No one knows who dug them. Or why. Or even how people climbed into them. (Ropes? Scaffolding? Carved steps? Nearly all evidence has been erased.) Seven hundred years ago, Mustang was a bustling place: a center of Buddhist scholarship and art, and possibly the easiest connection between the salt deposits of Tibet and the cities of the Indian subcontinent. Salt was then one of the world’s most valuable commodities. In Mustang’s heyday, says Charles Ramble, an anthropologist at the Sorbonne in Paris, caravans would move across the region’s rugged trails, carting loads of salt.”

Mustang has an average elevation of 13,000ft and is located to the north of the mountain giants of Dhaulagiri and Annapurna and is therefore north of the main Himalayan range and geographically is part of the highlands of Tibet. It is a vast high valley, arid and dry, characterized by eroded canyons, colorful stratified rock formations and has a barren, desert like appearance.

Naturally, most of the history is now a matter of legend rather than recorded fact, but it seems clear that Lo was once part of Ngari, part of Tibet and a rather loose collection of feudal domains. It was incorporated into the Tibetan Empire under the most famous of the Tibetan kings Songtsengampo. It was an important means of crossing the Himalaya from Tibet to Nepal, and many of the old salt caravans passed through Mustang. By 14C much of Ngari became part of the Malla Empire, whose capital was Sinja in western Nepal. It became an independent kingdom in its own right, under the rule of Ame Pal, the founder king of Lo in 1380. The present royal family can trace its history 25 generations back to Ame Pal, and the city of Lomanthang, was the centre of their power.

Well known, intrepid explorers such as Professor David Snellgrove and the Italian scholar Guiseppi Tucci visited Mustang in the 1950’s and it has largely been their tales of a Tibetan like arrid region that has fuelled interest in the area.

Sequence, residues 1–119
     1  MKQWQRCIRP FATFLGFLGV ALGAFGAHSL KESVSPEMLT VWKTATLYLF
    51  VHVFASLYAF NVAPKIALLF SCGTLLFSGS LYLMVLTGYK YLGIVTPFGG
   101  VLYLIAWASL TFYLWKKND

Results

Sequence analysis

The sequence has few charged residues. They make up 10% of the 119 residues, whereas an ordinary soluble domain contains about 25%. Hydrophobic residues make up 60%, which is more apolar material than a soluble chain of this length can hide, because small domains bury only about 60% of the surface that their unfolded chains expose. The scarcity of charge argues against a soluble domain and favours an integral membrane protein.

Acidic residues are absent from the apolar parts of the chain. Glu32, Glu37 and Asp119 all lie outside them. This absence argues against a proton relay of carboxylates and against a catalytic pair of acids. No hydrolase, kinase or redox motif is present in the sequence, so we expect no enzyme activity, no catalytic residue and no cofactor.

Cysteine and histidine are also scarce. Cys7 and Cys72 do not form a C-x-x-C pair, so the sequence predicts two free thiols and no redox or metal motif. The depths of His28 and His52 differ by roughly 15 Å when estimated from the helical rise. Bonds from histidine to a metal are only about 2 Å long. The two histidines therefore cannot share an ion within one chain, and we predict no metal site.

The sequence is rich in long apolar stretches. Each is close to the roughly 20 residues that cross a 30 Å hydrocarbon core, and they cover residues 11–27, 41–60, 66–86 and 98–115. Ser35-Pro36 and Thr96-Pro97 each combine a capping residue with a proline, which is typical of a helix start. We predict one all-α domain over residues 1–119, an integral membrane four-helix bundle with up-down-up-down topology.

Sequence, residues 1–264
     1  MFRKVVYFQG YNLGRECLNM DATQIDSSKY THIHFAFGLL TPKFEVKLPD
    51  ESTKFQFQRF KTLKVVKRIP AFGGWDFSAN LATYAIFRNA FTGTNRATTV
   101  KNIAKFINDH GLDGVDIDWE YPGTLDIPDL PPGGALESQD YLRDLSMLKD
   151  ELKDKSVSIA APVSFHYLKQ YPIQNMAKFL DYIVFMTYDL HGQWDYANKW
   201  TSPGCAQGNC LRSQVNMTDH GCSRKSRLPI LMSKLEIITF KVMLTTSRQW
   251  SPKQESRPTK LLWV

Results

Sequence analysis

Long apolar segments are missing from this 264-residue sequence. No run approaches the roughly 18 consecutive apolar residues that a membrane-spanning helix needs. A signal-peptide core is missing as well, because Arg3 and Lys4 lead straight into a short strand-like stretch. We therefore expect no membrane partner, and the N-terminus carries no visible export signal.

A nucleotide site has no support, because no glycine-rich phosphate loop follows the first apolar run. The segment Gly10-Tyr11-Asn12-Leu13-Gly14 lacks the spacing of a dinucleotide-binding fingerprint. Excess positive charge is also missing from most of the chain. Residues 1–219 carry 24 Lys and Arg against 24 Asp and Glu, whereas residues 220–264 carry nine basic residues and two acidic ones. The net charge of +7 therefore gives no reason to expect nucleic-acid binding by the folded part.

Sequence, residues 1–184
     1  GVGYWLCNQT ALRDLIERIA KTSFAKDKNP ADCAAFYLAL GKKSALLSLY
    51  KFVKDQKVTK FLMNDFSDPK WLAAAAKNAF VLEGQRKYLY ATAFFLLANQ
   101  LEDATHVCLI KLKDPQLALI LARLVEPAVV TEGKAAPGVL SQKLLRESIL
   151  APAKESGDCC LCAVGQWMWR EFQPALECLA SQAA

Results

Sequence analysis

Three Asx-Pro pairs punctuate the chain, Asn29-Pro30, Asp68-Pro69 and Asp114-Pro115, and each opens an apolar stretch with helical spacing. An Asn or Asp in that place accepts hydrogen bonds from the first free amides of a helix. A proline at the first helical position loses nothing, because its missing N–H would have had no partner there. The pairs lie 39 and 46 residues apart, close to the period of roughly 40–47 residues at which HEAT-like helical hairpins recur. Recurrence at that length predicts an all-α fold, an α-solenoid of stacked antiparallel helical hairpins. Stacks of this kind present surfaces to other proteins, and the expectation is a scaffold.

If you love nature or trekking, I am sure you will love it there so do make a plan to go and visit this beautiful place.

Enjoy some amazing photos from Mustang.

Climbers and scientists follow a trail above the Kali Gandaki River in Nepal’s remote Mustang region. More than 60 feet above are rows of unexplored man-made caves dug centuries ago. There may be thousands in the region.
© Cory Richards/National Geographic

To reach a series of caves dug into a cliff 155 feet above the valley floor, Matt Segal scales a rock face so fragile it often breaks off to the touch. Linked by a ledge, the 800-year-old caves, empty now, may once have stored manuscripts.
© Cory Richards/National Geographic

Dusk falls over the temples and homes of Tsarang, once the region’s most important town. In Mustang, where the centuries have not disrupted the traditional rhythm of life, the caves offer clues to a time when the remote Himalayan kingdom was a hub linking Tibet to the rest of the world.

Mustang (1) Mustang (2) Mustang (3) Mustang (4) Mustang (5) Mustang (6) Mustang (7)All the images below Credit: Gilles Sabrie for The New York TimesMustang (8)The Kali Gandaki riverbed in Kagbeni, Nepal. Most trekkers enter Nepal’s Upper Mustang region at Kagbeni. Mustang (9)North of Kagbeni, trekkers make their way along a high trail near Samar. Last year, nearly 3,000 tourists entered Upper Mustang, according to government statistics. Mustang (10)Farmers harvesting in the village. Mustang (12)A nomad’s necklaces. Much of Upper Mustang is desolate, inhabited by about 5,400 people.Mustang (11)A view of Lo Manthang, the walled capital of Mustang.  Mustang (13)A closer view of the capital. Mustang (14)A man appears at his window in Lo Manthang. Mustang (15)Shadows of people on horseback appear in the barren landscape around Mustang’s capital. Mustang (16)Just to the southeast lies Yara. Mustang (17)A farmer stands in fields near Lo Manthang. Mustang (18)Locals haul baskets between rows of prayer wheels. Mustang (21)Another view of Yara. Mustang (22)Tashi Kabum, a cave temple near Yara, opened to the public only a few years ago.Mustang (20)Inside the cave, a fresco representing Chenrezig. For Tibetan Buddhists, Chenrezig was a bodhisattva embodying compassion.